My life goal is to become great at a few things that are fulfilling, meaningful and fun. These are some of them.
I've enjoyed been building things with people from a young age. My first startup experience was a smart wristband that connected to a fitness social network, like what smartwatches do today, except this was in 2012 when both I and my co-founders were in our final years of high school. Not a lot of it went to plan and we were yet to learn about things like fundraising and manufacturing, nevertheless, it marked the beginning of our startup journeys.
A few years after Soosci, I founded Tidl with several friends in University. We developed several experimental recruiting (personality-based talent matching) tools and resume creators for people with non-traditional educational backgrounds. We also built an open learning platform called Alcamy. The products collectively amassed over 20,000 users, were supported by IBM and it allowed me to explore the recruiting and e-learning space during my university years between 2015-19.
Much of my design and programming output these days comes from Clew; the startup I founded with my friend Haishan after graduating. We're building the next generation of digital workspaces–thoughtfully crafted tools for the modern digital worker. Clew is backed by Y Combinator and Garage Capital.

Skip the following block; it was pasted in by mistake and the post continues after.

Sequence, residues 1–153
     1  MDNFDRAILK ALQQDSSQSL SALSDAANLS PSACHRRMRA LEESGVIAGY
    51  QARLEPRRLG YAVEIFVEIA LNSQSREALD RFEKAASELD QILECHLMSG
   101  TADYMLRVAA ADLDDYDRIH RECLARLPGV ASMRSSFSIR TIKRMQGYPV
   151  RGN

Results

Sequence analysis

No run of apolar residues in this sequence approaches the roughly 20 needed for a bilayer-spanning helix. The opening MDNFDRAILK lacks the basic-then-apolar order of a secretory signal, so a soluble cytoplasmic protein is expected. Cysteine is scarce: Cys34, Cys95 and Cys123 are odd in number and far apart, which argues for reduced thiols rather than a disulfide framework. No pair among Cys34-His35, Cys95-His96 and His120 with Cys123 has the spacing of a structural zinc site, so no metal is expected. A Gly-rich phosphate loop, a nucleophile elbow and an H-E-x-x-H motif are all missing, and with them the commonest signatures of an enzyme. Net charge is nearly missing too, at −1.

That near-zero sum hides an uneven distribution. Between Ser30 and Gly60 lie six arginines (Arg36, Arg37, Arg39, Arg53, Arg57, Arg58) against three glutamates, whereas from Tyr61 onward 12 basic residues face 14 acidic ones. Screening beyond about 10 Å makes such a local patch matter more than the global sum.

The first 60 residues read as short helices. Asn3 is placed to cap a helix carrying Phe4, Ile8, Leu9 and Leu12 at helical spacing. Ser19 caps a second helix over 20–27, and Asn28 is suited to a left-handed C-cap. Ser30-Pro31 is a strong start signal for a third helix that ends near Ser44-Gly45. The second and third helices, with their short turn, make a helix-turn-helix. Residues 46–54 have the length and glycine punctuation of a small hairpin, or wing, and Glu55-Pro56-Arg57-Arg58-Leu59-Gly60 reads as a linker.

Over the years, I've come to realize my passion for designing meaningful digital experiences. The internet changed my life, it allowed me to access and learn things I'd never have gotten from my surrounding. It's a large part of the reason I learned to design, and then to program and build things–so that I could create the things I imagined.
I was introduced to programming the day we got to tinker with a terrapin logo bot in grade four (sometime mid-2000s). That was the first-ever time I wrote a logical statement, to make an LED blink in a loop. This was reinforced over the years with continued exposure to computers, software and electronics–but things only started to make sense when I was between 12-15 years old. This was around the time I was starting to get good at designing things, and the better I got the more I yearned for the ability to create my own digital experiences, tools and software.
The early days were mostly me learning to bodge things together to try and build my ideas. I did that for a couple of years until I realized a new passion for programming and learning the intricacies of how computers worked and processed information.
More recently, before I founded Clew, I worked at Shopify as a developer. It was a valuable experience in learning how software worked at scale. I mostly build Clew these days, and that includes a fair bit of programming across the front-end, APIs and apps. Learning new tools and orchestrating programming languages into thoughtfully designed software has become both a passion and area of expertise for me over the years.
Many years ago, when I was about fourteen, I was introduced to a computer science graduate student in Sri Lanka. I got to know him at a photoshoot for a magazine that we were publishing at the time. After we were done, I saw him sitting on the floor, with his laptop on a step, waiting for some program that seemed to be outputting endless strings of characters to finish running. Obviously, I was curious and asked him about it.